Ragland is a renaissance man
While skiing takes a prominent place in Park City’s winter, other things are going on too. Such is the Kimball Art Center. This February, while two exhibitions of ski photography fill the Kimball’s first floor, a local artist has taken a prominent place downstairs.
There, in the art center’s Badami Gallery, Park City artist Greg Ragland’s work is featured in a new exhibition, "Movement Within Spaces."
The installation includes Ragland’s mixed media paintings composed from a combination of acrylics, drawings and paper embedded in resin and his sculptures, some made from bronze and some created from a bronze and resin mix.
"I’ve been working on this show for about six months, and there are about 45 pieces there," said Ragland.
He organized the show around a theme, and worked from there.
"I have this idea about containers," he said, "that we as human beings place ourselves in containers."
Those containers, he continued, can either be physical like towns, buildings or rooms or mental mirroring the way in which a person compartmentalizes his or her life into different sections and parts.
"The show has to do with the human figure," said Ragland, "everything that has a body in it."
The paintings feature figures, mostly without clothes, sitting or lying in fetal positions, often in boxes. Each work has its own color scheme, with richly colored and shaded figures surrounded by lighter backgrounds and containers. The colors are layered, monotones, but with hints of other hues. Shadows on the figures and in the background complete the composition in some, while with others, resin provides a reflective quality.
Meanwhile, the sculptures feature subjects similar to the paintings, forms in fetal positions that are occasionally just beginning to stretch. Some are covered in a patina, while others, like the paintings, feature the reflective resin.
"To be able to deal with society, you have to be able to put different parts of your life in different areas," said Ragland.
The exhibit, he said, was designed to make people question the roles of the containers in which they place themselves or others.
Ragland noted the importance of color in the paintings, with warm hues making many more accessible to viewers and the shadows adding depth and movement to the pieces. The reflectivity of some of the paintings, he added, is intentional so a viewer can see himself or herself inside the painting.
He also noted the importance of viewing the sculptures and the paintings together.
"For the show, there’s really a combination of paintings and sculptures," he said.
He creates both the sculptures and the paintings together, working on several at the same time, using his computer to make the image from which he starts, or working another piece. But each of his creations is an original.
"I don’t use references," he said. "If I do use a reference, it’s usually from a sculpture or another painting [of mine]."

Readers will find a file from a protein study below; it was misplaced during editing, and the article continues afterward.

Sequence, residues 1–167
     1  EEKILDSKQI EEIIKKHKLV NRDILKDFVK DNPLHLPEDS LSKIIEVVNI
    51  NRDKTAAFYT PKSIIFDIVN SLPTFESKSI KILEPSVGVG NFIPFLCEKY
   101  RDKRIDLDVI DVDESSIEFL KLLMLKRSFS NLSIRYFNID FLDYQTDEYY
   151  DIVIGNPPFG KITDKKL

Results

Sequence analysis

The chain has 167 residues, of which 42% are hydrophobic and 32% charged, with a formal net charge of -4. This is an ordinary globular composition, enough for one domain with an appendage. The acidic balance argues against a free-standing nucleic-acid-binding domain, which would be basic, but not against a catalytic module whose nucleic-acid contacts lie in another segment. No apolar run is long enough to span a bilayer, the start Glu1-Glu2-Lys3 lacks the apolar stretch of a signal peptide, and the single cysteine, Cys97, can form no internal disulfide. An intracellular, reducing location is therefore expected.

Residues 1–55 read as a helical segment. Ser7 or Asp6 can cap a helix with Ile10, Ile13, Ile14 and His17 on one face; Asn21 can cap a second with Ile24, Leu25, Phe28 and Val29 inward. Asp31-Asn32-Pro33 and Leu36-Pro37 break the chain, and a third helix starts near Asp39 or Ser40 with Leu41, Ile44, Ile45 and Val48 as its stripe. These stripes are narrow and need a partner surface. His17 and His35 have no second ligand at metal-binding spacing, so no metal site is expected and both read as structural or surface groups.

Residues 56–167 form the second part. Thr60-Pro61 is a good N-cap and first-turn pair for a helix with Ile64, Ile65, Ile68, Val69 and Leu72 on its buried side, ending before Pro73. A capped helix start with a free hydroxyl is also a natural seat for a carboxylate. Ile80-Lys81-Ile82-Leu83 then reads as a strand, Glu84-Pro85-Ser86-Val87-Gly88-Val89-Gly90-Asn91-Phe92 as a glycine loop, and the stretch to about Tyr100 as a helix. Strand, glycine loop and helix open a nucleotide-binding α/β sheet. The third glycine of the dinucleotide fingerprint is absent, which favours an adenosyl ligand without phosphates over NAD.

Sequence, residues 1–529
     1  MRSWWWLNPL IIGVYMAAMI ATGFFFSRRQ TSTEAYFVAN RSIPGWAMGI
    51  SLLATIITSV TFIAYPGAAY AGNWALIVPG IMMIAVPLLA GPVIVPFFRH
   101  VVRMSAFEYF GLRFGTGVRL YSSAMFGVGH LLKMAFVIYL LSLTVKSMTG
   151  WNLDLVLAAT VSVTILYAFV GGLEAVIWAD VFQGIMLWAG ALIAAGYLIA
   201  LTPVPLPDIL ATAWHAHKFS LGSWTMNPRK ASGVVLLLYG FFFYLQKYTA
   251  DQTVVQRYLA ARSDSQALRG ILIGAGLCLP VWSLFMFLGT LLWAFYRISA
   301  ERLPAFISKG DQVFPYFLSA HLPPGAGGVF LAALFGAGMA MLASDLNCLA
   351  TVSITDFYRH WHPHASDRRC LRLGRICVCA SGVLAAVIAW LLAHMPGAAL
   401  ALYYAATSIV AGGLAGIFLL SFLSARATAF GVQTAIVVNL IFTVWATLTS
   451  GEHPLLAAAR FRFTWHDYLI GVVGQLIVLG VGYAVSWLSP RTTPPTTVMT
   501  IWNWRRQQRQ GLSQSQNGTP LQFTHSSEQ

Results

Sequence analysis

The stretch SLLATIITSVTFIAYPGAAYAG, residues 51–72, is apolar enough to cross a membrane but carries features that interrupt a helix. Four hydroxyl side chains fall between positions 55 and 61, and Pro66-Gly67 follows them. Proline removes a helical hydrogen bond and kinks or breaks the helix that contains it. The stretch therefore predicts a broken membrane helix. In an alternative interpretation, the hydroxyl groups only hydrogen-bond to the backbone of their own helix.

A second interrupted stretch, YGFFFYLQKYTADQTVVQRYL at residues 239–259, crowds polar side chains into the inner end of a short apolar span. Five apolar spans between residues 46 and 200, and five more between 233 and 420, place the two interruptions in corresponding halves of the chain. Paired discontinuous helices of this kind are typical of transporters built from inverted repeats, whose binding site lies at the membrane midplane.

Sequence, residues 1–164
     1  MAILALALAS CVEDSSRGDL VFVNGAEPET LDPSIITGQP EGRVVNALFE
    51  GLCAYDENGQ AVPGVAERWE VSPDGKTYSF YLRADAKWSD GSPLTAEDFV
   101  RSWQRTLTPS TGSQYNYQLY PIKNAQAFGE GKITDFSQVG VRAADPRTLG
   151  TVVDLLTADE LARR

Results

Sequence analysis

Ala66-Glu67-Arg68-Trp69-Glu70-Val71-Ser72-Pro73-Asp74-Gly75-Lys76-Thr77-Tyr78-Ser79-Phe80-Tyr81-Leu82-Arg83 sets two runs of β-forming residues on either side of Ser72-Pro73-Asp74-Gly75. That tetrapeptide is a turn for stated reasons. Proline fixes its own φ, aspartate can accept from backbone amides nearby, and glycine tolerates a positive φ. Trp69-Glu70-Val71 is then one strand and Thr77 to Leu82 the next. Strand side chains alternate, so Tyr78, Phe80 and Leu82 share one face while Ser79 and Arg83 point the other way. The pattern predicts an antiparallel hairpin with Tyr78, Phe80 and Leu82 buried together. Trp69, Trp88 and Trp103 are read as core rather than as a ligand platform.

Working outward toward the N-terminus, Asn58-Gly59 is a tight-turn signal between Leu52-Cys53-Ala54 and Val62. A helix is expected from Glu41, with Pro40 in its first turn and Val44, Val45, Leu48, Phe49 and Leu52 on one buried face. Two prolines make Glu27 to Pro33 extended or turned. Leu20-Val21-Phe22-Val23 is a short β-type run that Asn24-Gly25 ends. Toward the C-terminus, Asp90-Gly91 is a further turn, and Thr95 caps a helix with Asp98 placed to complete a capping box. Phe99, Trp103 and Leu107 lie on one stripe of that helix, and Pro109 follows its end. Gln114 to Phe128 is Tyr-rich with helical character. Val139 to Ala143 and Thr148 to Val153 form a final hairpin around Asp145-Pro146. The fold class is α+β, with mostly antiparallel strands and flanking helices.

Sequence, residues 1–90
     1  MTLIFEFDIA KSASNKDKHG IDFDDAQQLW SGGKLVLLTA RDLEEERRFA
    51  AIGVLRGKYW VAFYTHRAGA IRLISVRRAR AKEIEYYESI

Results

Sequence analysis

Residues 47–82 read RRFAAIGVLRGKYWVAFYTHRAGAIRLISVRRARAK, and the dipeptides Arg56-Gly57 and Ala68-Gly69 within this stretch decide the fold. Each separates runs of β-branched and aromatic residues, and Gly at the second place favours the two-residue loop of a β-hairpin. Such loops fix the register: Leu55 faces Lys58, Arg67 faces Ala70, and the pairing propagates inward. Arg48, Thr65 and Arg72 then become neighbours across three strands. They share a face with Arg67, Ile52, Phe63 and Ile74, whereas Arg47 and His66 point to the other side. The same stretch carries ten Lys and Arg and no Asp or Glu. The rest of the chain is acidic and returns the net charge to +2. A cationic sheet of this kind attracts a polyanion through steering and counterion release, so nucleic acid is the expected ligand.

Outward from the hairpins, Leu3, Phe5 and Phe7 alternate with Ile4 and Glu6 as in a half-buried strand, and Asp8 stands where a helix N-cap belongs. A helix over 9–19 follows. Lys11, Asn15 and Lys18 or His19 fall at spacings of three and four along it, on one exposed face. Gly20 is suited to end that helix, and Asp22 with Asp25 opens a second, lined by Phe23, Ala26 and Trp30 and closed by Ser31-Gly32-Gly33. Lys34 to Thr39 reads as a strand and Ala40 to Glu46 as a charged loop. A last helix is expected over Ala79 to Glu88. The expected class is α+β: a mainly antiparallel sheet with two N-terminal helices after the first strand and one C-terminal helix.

In that way, Ragland noted, his works feed off each other.
"I always work in series, because I can never solve a problem with just one [piece]," he said.
Typically, there are between five and seven works in a series, although occasionally there are more.
As his affinity for both painting and sculpture might suggest, Ragland maintains a degree of versatility. At one time he studied architecture at Arizona State University, and he graduated with a bachelor of fine arts degree from the Art Center College of Design in Pasadena, Calif.
In addition to his work in the fine arts, Ragland has also produced graphic designs and illustrations for several major magazines, including Sports Illustrated, Newsweek and GQ.
Recently, he also earned his Master of Fine Arts degree from the University of Utah and worked as a projection director for the stage production of, "Hedwig and the Angry Inch" at the Plan B Theatre Company.
"I think of myself as a renaissance kind of guy," said Ragland. "I don’t just do one thing."
His versatility, he said, sets him apart from many other artists.
"I think there’s a lot of artists who do art shows and then work at a restaurant or wait tables I’ve really chosen to solely support myself through the arts."
The different mediums in which he works influence each other, he said, adding new facets to both his design work and his work in the fine arts. The latter work will, of course, be on display at the Kimball.
A 15-year resident of Park Meadows, with works in the Phoenix Gallery and other galleries outside of the state, he said he was grateful for the local showcase at the art center.
"I would really love for people to go out and see it," said Ragland. "I think that my art is a lot different from most of the artists [available] in Park City."
Greg Ragland’s exhibit, "Movement Within Spaces" is on display in the Kimball Art Center’s Badami Gallery through March 5. The show is free and open to the public. For more information, visit http://www.gregragland.com, http://www.kimball-art.org or call 649-8882.
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Park City Mountain Resort owner Vail Resorts will require employees to be vaccinated against the novel coronavirus for the ski season, the Colorado-based firm said on Monday. The move by Vail Resorts to require vaccinations is significant with the firm being one of the largest employers in Park City and surrounding Summit County.